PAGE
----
Mixtape Review: Lil Durk- ‘Signed To The Streets 2’

Durk’s Def Jam debut mixtape “Signed To The Streets” was impressive and showcased his star potential. But could he follow it up?

Lil Durk spent the past year working on his long-awaited “Signed To The Streets 2” mixtape. One can say Durk was creating his very own Mona Lisa due to the project’s constant delays. One can’t rush greatness and it appeared to have paid off for the OTF frontman. The project was well worth the wait.

Durk revealed during an interview with L.A. Leakers he recorded close to 200 tracks. Unfortunately for fans, only 18 tracks made it onto this tape.

Durk appropriately placed “Ready For Em,” a Cardo production, as his opening track. It’s no question Durk is on his way to the top. But his biggest obstacle is haters.

“They hate all my n-ggas, they hate that I’m breathing,” Durk says in this track’s intro.

Durk keeps a bodyguard with him in case situations get hectic as he raps, “Got broski on point like Kyrie/Don’t fear no man that can die like me/I done dodged doin hits.”

But if haters want war, Durk is willing to give it to them. Durk kept the momentum going in his Tarentino production, rapping, “How you want war and you ain’t eating?/What they gon’ do if you ain’t breathing?/Bodies back to back, b*tch we ain’t even.”

There were times when Durk felt alone. He had no one to call on because they left him high and dry. But Durk is now on the rise and not looking back. In Durk’s Dree The Drummer production, he asks, “Where you was at when I was in that war?/I had nobody but me and my boys/You n-ggas frauds yall ain’t making noise/But I ain’t take it personal/And I told you I was down to ride/Now where you was when I was fightin’ all them homicides/But you wasn’t with me in that war/But I don’t take nothin’ personal.”

Durk’s tape also showed his ability to make radio bangers. Durk tapped some of Atlanta’s up and coming artists to accomplish this feat. Durk collaborated with Young Thug in the Young Chop-produced single “Party” and Migos and Ca$h Out on the Dree The Drummer-produced track “Lil N*ggaz,” respectively.

Durk showed a softer side in the love ballad “What You Do To Me,” a Squat production. The OTF savage professes his love to his love interest, rapping, “Baby, I’m different, I want to be faithful/Baby, just listen, I want to be grateful/I love you and I hate you, through the bullsh-t I take you/Wife I make you, let’s take me a vacation/So I do what I want, baby I love you.”

Durk tapped his Coke Boy boss French Montana to assist on single “Fly High,” a MeKanics production.

Durk and French Montana have been at the bottom and possibly experienced the lowest points of their lives. Durk battled a weapons charge that could’ve possibly sent him away for a long time thus ending his career and taking him away from his children. But he was able to work his way out of his legal woes to become one of most sought after rappers in the game now.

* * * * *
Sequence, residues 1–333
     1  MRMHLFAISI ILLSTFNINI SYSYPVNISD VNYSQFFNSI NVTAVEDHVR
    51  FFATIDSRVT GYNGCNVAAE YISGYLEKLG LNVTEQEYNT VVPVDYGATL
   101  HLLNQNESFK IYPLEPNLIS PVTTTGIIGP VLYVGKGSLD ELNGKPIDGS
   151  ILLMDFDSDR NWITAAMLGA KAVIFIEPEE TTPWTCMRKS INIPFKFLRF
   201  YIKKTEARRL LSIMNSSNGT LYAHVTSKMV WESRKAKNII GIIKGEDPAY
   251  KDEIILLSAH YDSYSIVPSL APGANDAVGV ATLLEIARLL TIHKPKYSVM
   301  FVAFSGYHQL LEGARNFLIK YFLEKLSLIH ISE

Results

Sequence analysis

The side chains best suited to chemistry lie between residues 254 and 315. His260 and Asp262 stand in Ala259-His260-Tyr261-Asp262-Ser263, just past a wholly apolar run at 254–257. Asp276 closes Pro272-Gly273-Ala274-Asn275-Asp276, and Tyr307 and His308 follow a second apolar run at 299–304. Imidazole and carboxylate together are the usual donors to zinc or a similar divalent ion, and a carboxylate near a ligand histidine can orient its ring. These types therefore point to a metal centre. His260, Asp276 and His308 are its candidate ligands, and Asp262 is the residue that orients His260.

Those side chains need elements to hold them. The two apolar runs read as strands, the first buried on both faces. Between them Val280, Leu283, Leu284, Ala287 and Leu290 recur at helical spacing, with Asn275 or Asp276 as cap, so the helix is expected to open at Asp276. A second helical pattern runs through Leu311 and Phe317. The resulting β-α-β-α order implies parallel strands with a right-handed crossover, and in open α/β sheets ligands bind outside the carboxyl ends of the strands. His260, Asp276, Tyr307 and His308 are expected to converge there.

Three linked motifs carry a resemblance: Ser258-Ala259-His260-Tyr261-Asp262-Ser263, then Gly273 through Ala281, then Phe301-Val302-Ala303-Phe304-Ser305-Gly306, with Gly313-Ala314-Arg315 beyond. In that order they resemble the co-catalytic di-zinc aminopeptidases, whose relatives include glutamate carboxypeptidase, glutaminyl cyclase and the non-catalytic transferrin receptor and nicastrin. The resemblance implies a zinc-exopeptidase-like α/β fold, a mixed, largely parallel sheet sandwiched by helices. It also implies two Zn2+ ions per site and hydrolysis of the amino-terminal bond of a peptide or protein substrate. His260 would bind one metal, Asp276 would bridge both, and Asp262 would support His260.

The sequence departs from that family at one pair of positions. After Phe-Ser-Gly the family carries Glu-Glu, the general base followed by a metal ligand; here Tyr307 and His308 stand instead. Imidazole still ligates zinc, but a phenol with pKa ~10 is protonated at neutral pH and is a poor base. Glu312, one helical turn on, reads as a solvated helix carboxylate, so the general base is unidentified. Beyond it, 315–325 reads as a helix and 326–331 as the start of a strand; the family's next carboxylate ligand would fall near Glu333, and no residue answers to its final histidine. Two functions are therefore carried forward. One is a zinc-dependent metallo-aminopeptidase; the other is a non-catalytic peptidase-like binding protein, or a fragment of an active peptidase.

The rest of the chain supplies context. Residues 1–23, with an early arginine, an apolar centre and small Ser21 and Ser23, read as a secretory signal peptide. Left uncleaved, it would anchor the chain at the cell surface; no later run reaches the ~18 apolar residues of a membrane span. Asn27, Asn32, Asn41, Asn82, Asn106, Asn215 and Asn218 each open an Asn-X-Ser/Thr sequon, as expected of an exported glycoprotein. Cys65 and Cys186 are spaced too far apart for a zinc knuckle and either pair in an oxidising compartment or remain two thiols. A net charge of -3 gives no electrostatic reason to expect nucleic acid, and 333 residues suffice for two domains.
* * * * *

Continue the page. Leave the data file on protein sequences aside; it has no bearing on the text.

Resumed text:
Durk is definitely flying high right now, rapping, “I did two on my first case, next case 21, the worst case/I was 21 when I really sing the birthday/I know n*ggas die before they seen they 10th birthday/N*ggas talk to me about fire/Told my n*ggas I’d be rich they called me liar/And now they buying fame but get burnt playing with this lighter.”

Sky is the limit for Durk now that he’s flying high. This provided the inspiration for track “I Made It,” a Young Chop production. This is a motivational track for the streets. Durk is from the bottom and talks his humble beginnings to his current status as star in the making.

Durk raps, “They hatin, I made it I hate em for hatin/I changed my mind/ Crazy, why the f-ck you got statements/And I started from the bottom/Why the f*ck they hatin on me/Long time ago, had nothing to snack on/Had nobody to lean my back on/No dyke, put the strap on/Cuz its hard out here/Rich n*gga left to starve out here.”

And who would’ve thought Lil Durk would be on top of his city? Durk asks this in his Leekeleek-produced single “Picture Perfect,” rapping, “I don’t think my sh-t don’t stank, not picture perfect, sh-t like that/I’m on top of my city/Whoever thought some sh-t like that?/Now I be driving foreign cars/That picture perfect sh-t like that.”

Durk’s tape may have included radio cuts and adrenaline-packed tracks, but he made sure not to forget about the streets.

For those who have been living under a rock for the past year, Durk gives fans an introduction to a city now known as Chiraq in “Don’t Know Me.”

Others have no idea what Durk has witnessed or been through as he raps, “From the city where they gang bang/where they’ll kill you, leave your chain hanging/Two letters dedicate you like AK/AR, SK/And you got to hide your finesse game/Head shot, no need for a vest game.”

Durk’s “I Go,” a Young Chop production, is a street track, but has radio potential. This single features a strong guest appearance from Johnny May Cash- Chiraq’s Nate Dogg. Durk raps, “Summertime pop out them killers/Hop out if we see them n-ggas/Tryna tell em I got my city/Wherever I go they go/Wherever I point they blow.”

Lil Durk has long professed his disdain for snitches and the judicial system. Many of Durk’s loved ones and close associates are doing serious time in the penitentiary, including his father Dontay Banks.

Lil Durk gets personal in “Feds Listening,” rapping, “Born in ’92, I grew up with no dad n-gga/And when I catch em he adead nigga/This for my n-ggas with the feds n-gga/It’s so f-cked up, we talk through glass n-gga.”

Durk experimented a bit on this tape providing tracks for the streets, women, hustlers and radio. He accomplished showing his depth as an artist. Not bad for someone from the streets of Englewood, South Side Chicago.

Durk is without a doubt prime to present the world his debut album “Remember My Name.”

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